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danepatterson:

Drawings consisting of at least one human foot #4. 9”x12” Graphite on paper. 11 more to go in this series.

danepatterson:

Drawings consisting of at least one human foot #4. 9”x12” Graphite on paper. 11 more to go in this series.


enya-died-for-our-sins:

"Don’t Touch" @ Frieze Masters

enya-died-for-our-sins:

"Don’t Touch" @ Frieze Masters


na-vidya-na-avidya:

burntloaferings:

morbi:

zephyres:

がしゃどくろ

The Gashadokuro are such a cool folklore concept.
My favorite thing is this idea that they somehow are able to silently stalk people despite being almost 100-foot tall skeletons, because no one looks up.

Gashadokuro aka the starving skeletons are the reanimated and combined bones of the victims of starvation. Up to a hundred feet tall, they are heralded by the sound of bells ringing in the ears of their victims. They reach down from above to capture people and bit their heads off. The Gashadokuro haunt the darkness after midnight.

This is a fun one!
Mostly because of shenanigans. Or rather, some irregularities with its history.
Among “traditional” “youkai” (quotation marks on the second term, because there were times when that wasn’t the usual genus term), this one doesn’t seem to have standard kanji. To the point when a search for the kanji’s actually one of the top google suggestions for Japanese searches.
There’s a reason. Turns out this particular name (not giant skeletons in particular, as there are some famous examples), isn’t to be found in old collections of folklore. Doesn’t necessarily mean that the authors of the 1970s collections were fabricating things. But it does raise some Interesting Questions.
From the name, you’d assume that this is related to famine deaths (*gasha*, from the second character of *kiga* 飢餓 “famine” presumably, plus *sha* 者 “persons, people,” perhaps?). Yet the 1970s is already growing distant from even the starvation of the early occupation. Why would it make a first appearance then?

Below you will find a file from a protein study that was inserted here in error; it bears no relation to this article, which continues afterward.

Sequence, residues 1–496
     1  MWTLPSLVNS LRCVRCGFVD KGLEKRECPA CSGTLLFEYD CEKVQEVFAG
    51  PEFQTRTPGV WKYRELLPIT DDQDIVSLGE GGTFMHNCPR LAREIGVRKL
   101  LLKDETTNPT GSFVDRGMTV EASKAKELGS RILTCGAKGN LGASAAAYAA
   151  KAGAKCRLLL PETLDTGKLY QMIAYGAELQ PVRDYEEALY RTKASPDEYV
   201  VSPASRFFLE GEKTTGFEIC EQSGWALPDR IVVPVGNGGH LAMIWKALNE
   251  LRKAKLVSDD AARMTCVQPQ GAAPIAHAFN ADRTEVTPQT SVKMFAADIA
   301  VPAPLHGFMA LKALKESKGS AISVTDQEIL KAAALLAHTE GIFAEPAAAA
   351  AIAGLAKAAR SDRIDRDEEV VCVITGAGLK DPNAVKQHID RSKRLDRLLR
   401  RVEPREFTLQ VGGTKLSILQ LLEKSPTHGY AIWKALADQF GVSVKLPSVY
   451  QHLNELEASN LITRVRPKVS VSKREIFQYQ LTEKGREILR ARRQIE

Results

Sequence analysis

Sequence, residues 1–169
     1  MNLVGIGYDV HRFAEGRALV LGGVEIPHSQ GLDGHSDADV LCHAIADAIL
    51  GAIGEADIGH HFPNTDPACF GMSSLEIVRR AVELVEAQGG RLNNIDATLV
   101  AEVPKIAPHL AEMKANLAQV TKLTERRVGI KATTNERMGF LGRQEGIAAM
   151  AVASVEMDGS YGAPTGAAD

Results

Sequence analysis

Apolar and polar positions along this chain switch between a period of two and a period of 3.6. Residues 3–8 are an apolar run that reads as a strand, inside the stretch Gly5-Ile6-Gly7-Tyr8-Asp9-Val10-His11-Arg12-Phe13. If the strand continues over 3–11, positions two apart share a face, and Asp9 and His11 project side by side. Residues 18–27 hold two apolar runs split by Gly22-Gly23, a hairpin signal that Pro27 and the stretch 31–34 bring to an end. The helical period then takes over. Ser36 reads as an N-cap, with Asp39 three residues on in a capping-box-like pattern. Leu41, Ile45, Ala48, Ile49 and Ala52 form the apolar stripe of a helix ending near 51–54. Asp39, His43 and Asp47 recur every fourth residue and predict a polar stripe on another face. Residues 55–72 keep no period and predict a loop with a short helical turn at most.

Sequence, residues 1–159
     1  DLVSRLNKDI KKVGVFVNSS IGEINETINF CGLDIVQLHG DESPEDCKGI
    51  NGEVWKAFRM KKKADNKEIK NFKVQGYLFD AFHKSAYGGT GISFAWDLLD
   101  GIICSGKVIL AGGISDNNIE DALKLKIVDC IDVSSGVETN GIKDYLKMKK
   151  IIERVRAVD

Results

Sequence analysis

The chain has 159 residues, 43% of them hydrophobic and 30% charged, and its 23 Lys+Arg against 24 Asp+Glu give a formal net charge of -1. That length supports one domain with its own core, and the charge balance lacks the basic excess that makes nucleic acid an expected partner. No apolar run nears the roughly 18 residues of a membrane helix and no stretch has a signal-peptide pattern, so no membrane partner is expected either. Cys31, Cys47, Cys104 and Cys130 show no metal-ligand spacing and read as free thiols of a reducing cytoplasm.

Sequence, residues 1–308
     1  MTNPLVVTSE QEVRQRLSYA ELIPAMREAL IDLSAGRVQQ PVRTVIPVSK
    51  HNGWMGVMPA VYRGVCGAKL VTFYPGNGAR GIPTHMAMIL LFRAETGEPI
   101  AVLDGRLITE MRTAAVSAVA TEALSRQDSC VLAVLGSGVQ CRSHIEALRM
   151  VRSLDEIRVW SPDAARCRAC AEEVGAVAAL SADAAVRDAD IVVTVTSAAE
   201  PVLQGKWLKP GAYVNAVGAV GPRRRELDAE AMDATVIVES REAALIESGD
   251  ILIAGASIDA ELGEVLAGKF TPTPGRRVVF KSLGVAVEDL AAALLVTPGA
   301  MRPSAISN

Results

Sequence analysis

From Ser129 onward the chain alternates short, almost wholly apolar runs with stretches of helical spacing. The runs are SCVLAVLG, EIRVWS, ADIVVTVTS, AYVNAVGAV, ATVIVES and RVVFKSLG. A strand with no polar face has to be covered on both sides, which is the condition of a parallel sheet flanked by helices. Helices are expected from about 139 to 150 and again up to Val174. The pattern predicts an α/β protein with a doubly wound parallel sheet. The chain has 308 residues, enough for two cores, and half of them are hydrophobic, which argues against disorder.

I would *love* to see the field notes on this one.

na-vidya-na-avidya:

burntloaferings:

morbi:

zephyres:

がしゃどくろ

The Gashadokuro are such a cool folklore concept.

My favorite thing is this idea that they somehow are able to silently stalk people despite being almost 100-foot tall skeletons, because no one looks up.

Gashadokuro aka the starving skeletons are the reanimated and combined bones of the victims of starvation. Up to a hundred feet tall, they are heralded by the sound of bells ringing in the ears of their victims. They reach down from above to capture people and bit their heads off. The Gashadokuro haunt the darkness after midnight.

This is a fun one!

Mostly because of shenanigans. Or rather, some irregularities with its history.

Among “traditional” “youkai” (quotation marks on the second term, because there were times when that wasn’t the usual genus term), this one doesn’t seem to have standard kanji. To the point when a search for the kanji’s actually one of the top google suggestions for Japanese searches.

There’s a reason. Turns out this particular name (not giant skeletons in particular, as there are some famous examples), isn’t to be found in old collections of folklore. Doesn’t necessarily mean that the authors of the 1970s collections were fabricating things. But it does raise some Interesting Questions.

From the name, you’d assume that this is related to famine deaths (*gasha*, from the second character of *kiga* 飢餓 “famine” presumably, plus *sha* 者 “persons, people,” perhaps?). Yet the 1970s is already growing distant from even the starvation of the early occupation. Why would it make a first appearance then?

I would *love* to see the field notes on this one.


witnesstheabsurd:

SHAMSHEL
FIFTH ANGEL

witnesstheabsurd:

SHAMSHEL

FIFTH ANGEL


cuileggs:

unrad dads who think they’re rad dads who’re kind of bad dads aren’t you glad they’re not your mad dad it’s just a fad don’t make your sons sad


vaspim:

You wanna know what gets me off? What really turns me on? Writing an essay without changing the default size 11 Calibri font with no line spacing, and then changing it to size 12 Times New Roman with double spacing and seeing it grow from 3 to 5 pages. Yeah, that really gets me going.


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